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Is there a way to dump the results of a file search in Windows 7 into a text file or spreadsheet?
March 28, 2012 2:06 PM   Subscribe

Is there a way to dump the results of a file search in Windows 7 into a text file or spreadsheet?

Hey everyone! I've recently been tasked with making a list of all image files on my organization's (large) server, and the list must include filenames and path information. Obviously it's very easy to search the server (from my Windows 7 machine) for files based on their extensions, but once I have the results in the explorer window, I need a way to easily get the names & paths into an Excel spreadsheet.

I'm open to any tips regarding apps, utilities or simple scripts that would make this process easier. Please don't hesitate to ask follow-up questions, and thanks in advance!
posted by chudmonkey to Computers & Internet (9 answers total) 6 users marked this as a favorite
 
Use the command prompt. Navigate to the root of where you want to search and

dir /s /B *.ext1, *.ext2, *.ext3 > outputpath\images.txt

This will recursively search all subfolders for all files ending in .ext1, .ext2, and .ext3 and puts the filenames (with the full path) in the subfolder outputpath\images.txt
posted by Green With You at 2:12 PM on March 28, 2012 [3 favorites]


One thing you could do is install the Cygwin tools (which may be overkill but I install it on all my machines)

and run the following command from the drive / directory you want to collect info for.

c:\cygwin\bin\find . -name "*" -type f > allfiles.txt


This will give you a file listing containing the paths the files live in.
posted by bottlebrushtree at 2:14 PM on March 28, 2012


If you want the results to be in a form you you can easily get into excel, make the output filename 'images.csv'.
posted by Green With You at 2:15 PM on March 28, 2012


From the command line in windows it's easy. You just send the output to a text file.

Use the DIR command with the /b and /s switches. /b for bare format, no headers, /s for recursive.

eg. dir /b /s *.exe > resultsfilename.txt

You can play around with the switches for CMD to see what works. The key part is the arrow >.
posted by snarkle at 2:16 PM on March 28, 2012


Useful File Utilities is a GUI solution to this.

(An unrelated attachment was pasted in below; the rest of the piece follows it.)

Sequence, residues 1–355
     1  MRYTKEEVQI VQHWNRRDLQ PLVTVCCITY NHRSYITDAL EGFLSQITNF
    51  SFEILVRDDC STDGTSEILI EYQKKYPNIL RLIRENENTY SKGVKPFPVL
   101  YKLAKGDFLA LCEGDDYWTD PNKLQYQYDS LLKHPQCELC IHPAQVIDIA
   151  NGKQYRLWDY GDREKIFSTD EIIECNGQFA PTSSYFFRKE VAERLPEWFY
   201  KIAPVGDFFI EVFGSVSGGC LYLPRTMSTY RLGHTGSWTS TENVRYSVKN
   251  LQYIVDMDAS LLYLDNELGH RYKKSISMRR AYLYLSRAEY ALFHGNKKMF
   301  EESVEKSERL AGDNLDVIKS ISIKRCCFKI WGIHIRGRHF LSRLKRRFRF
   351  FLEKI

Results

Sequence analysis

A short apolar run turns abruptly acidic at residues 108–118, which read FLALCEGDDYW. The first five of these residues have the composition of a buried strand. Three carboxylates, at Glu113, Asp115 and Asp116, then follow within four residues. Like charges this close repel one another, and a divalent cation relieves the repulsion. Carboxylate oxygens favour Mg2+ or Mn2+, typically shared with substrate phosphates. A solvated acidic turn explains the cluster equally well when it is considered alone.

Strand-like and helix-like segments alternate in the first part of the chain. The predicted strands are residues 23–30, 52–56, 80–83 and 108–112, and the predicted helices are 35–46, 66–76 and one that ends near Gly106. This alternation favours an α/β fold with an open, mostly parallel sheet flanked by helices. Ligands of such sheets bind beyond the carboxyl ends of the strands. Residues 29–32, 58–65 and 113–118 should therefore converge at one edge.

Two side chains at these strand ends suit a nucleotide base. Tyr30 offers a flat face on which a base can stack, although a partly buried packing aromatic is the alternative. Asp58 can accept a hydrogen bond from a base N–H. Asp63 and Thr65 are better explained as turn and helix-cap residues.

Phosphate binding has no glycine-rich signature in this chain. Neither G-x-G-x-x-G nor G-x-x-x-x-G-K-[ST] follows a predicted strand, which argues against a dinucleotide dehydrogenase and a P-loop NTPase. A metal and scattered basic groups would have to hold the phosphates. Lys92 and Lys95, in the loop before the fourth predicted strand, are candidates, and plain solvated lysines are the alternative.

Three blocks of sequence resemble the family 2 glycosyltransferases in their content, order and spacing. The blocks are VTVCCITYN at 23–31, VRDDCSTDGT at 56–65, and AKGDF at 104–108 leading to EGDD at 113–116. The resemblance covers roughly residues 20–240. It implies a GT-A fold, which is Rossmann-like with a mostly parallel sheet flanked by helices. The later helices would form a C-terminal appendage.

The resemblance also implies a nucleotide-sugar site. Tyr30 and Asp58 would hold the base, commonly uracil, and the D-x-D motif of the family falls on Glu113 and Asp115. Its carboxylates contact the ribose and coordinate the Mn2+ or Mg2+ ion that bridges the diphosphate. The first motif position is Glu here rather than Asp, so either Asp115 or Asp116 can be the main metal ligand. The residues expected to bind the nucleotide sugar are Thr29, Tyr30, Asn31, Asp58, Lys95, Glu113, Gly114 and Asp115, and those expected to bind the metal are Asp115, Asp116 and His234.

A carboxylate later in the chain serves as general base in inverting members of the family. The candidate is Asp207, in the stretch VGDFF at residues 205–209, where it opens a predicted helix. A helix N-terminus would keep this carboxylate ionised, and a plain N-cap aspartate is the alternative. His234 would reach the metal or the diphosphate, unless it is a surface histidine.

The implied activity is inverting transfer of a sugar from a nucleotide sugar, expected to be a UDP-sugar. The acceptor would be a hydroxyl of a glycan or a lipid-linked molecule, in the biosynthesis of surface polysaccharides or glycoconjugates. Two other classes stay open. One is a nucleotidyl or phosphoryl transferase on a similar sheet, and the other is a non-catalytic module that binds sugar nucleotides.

posted by Brent Parker at 2:50 PM on March 28, 2012


If you just want to copy the list from an explorer search window, select the files and hold the shift key while right clicking on one of them then choose "copy as path" - then you can paste this straight into excel. This might be impractical with thousands of files, so the techniques above might be better.
posted by samj at 2:53 PM on March 28, 2012 [4 favorites]


Useful File Utilities is a GUI solution to this.


FYI - my antivirus is screaming all sorts of warnings about this download. Be careful.
posted by lampshade at 3:12 PM on March 28, 2012


This is a pretty easy job in Powershell, which is included in Windows 7:

Get-ChildItem -Recurse -Include "*.jpg","*.cr2" \\behemoth-mini\photos | Select-Object -Property Name,Directory | Export-Csv C:\Users\pliu\Desktop\stuff.csv -NoTypeInformation

This will output a nice clean CSV file which you can then molest in Excel. Here I am running against the "Photos" share of my file server and saving to my local desktop. Note that you can just put the UNC path for your share, you don't need a mapped drive.

You can change the parameters on Get-ChildItem and Select-Object to get more or less information as required. If you need to sort, pipe to Sort-Object.
posted by tracert at 3:29 PM on March 28, 2012 [3 favorites]


samj: Wow, I had no idea that you get secret options by shift-right clicking. Why aren't those always there?!?

Anyway I just tried it with 25000 files. Explorer used all of a core for 4 minutes (with the "working" cursor), and 1.7GB of RAM, but it eventually worked fine (and excel has no problems with it). So I vote for your solution as the easiest one.
posted by aubilenon at 3:56 PM on March 28, 2012


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